SINGAPORE – The model under which seven new hawker centres are run by social enterprises is generally sound in spite of issues with its implementation, Environment and Water Resources Minister Masagos Zulkifli told Parliament on Monday (Nov 19).
His ministry has heard the feedback from Singaporeans, and will adjust the scheme to better serve patrons and look after hawkers’ well-being, he added.
Mr Masagos and Senior Minister of State Amy Khor fielded 19 questions from MPs on these socially conscious enterprise hawker centres (SEHCs), which have come under public criticism for imposing unnecessary rules and an extra layer of costs on hawkers.
“Give the model time to adapt, adjust and optimise the outcomes we seek to achieve,” he said, citing affordable yet good food, a decent living for local hawkers that is sustainable, and the need to preserve hawker centres.
Mr Masagos explained to members why the Government embarked on this model when it restarted building hawker centres in 2011, after a hiatus of almost 30 years, in response to widespread appeals from Singaporeans.
“We resumed building hawker centres to serve as a ballast to stabilise cooked food prices against the emerging dominance of coffee shops and foodcourts,” he said.
However, he added that just by building new hawker centres, the Government cannot automatically expect them to be viable and sustainable. Some hawkers, for example, only work short hours. The median age of hawkers is about 60 years old and many successful hawkers say they hope their children will not follow in their footsteps.
Mr Masagos said: “We have to transform and find ways to make the hawker trade sustainable; or we may end up with hawker centres without hawkers.”
To adapt to changing needs and circumstances, it was critical to find new operating models to sustain the hawker trade, he added.
“This is why we are trialling the SEHC model for our new hawker centres.”
He explained that the SEHC operators bring new ideas and inject innovation that hawkers individually or the Government cannot. For example, they are able to curate food stalls for quality and variety. They can also bring in famous food recipes, and are better placed to run hawker incubation programmes to help sustain the hawker trade.
In addition, they innovate to improve footfall and enhance vibrancy of the centres through better marketing and place-making programmes, and not just leave it to chance, said the minister.
As the single operator of each hawker centre, with food and beverage and management competencies, these SEHC operators can help hawkers weather the competition from other F&B alternatives and adapt to technological disruptions, better than the hawkers can individually, he added.
“In time to come, the better SEHCs will develop capabilities to support and sustain the hawker trade that we will appreciate,” he said.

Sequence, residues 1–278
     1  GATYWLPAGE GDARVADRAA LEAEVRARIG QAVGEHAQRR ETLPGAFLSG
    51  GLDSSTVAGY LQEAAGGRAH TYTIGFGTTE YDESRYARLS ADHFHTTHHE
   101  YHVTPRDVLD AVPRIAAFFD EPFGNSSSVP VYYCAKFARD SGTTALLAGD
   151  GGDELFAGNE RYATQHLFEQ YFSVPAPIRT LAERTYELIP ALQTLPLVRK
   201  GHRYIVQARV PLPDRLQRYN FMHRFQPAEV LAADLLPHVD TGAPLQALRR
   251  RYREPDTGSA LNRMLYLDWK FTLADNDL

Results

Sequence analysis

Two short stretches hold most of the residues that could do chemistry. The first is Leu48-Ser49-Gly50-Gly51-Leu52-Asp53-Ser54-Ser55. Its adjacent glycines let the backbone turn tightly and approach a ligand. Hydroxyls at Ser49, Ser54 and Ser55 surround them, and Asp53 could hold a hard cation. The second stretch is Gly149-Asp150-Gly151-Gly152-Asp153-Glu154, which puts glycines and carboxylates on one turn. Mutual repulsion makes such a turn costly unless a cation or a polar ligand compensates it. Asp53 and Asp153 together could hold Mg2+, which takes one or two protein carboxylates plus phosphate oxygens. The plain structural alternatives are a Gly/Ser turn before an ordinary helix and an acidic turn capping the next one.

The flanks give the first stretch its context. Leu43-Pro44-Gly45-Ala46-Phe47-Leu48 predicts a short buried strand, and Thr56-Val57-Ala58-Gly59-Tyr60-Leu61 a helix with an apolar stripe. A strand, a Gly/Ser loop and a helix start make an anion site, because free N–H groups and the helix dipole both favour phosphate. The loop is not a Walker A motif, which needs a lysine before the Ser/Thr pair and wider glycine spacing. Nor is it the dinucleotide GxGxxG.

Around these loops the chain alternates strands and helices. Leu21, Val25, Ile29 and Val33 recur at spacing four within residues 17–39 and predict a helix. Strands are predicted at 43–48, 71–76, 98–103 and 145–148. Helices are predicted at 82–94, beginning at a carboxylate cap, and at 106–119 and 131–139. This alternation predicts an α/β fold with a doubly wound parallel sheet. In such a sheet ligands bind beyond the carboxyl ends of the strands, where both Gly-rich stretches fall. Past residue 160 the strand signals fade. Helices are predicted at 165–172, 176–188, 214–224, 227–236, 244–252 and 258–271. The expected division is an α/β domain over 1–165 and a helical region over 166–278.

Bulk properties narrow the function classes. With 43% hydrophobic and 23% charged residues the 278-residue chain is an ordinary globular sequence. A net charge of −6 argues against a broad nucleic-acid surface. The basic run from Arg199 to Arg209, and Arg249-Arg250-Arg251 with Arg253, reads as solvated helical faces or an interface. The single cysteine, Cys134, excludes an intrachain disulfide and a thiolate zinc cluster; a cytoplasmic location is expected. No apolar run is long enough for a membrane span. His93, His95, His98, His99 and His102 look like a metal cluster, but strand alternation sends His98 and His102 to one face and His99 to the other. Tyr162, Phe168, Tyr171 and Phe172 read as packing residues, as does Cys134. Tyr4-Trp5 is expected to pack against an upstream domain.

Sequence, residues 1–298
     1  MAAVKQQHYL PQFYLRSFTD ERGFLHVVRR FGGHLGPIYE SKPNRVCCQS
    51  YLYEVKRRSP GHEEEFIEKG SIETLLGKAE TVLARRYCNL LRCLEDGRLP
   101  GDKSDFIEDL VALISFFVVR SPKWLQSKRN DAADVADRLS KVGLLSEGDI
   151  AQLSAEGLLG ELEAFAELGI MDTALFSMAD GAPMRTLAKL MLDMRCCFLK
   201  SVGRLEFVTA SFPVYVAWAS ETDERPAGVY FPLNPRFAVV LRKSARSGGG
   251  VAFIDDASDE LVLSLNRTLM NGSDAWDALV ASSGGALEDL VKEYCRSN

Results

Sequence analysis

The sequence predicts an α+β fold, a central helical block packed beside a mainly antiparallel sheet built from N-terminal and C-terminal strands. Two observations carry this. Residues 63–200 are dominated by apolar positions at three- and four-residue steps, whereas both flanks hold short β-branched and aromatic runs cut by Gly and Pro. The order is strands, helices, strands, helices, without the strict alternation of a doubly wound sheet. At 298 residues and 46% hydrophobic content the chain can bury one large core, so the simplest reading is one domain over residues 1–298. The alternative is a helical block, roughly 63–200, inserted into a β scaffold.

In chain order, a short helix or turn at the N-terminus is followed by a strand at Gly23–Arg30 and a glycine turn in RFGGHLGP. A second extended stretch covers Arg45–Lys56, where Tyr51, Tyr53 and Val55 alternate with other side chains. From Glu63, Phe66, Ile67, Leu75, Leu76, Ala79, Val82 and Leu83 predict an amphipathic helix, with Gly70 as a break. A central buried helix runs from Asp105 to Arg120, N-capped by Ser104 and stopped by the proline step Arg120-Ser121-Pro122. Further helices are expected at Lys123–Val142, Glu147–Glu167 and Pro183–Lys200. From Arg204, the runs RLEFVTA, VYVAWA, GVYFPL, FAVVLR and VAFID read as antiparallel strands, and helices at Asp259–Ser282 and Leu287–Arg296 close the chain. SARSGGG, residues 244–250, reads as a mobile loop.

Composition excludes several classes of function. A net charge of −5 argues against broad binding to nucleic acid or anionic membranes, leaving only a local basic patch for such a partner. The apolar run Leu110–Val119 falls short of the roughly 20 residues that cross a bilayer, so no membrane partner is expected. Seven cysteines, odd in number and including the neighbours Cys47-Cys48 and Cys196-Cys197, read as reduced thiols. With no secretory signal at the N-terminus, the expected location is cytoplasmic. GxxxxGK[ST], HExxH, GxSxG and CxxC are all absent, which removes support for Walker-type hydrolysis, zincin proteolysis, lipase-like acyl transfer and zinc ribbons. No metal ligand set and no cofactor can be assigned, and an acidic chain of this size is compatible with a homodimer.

While Mr Masagos was heartened by the recent public discussion on how existing NEA centres are run better than the SEHCs, he said: “It is not enough to keep doing things the same way. This is why we have to continue with the SEHC model.”
He explained that on the whole, SEHCs have achieved good outcomes despite the short time they have started operations. For instance, food prices at SEHCs are affordable and comparable to existing centres, SEHC operators have curated food stalls for quality and variety ,and have also kept their centres open during breakfast, lunch and dinner hours.
Nonetheless, the SEHCs will take time to establish themselves, he added.
“The market mechanism is working, and Government should not intervene unnecessarily, in mandating low or no rental, which could otherwise affect fair competition.”
Hawkers are entrepreneurs, after all, he pointed out.
“We want to reward successful hawkers to sustain the trade and preserve our beloved hawker heritage. It is natural to have some level of churn as better hawkers replace those who are less suited for the trade.”
Market forces would lead to a fair distribution of hawker stalls, which ultimately benefits residents, he added.
“It is inappropriate for Government to subsidise a hawker on the basis that business is poor. This would be unfair to a better-performing hawker who thrives on healthy competition. It would also be unfair to other private-sector food shop operators located in close vicinity to the centres,” he said.
The model must therefore ensure that rentals and costs are transparent and fair to hawkers, but cannot subsidise hawkers to the extent that it distorts the workings of the market, he added.
“As with any trials and experiments, we cannot always get it right the first time. We have heard the feedback, and will adjust the model to better serve Singaporeans. We will continue with the SEHC model, and improve it so as to serve patrons well and look after the well-being of our hawkers.”
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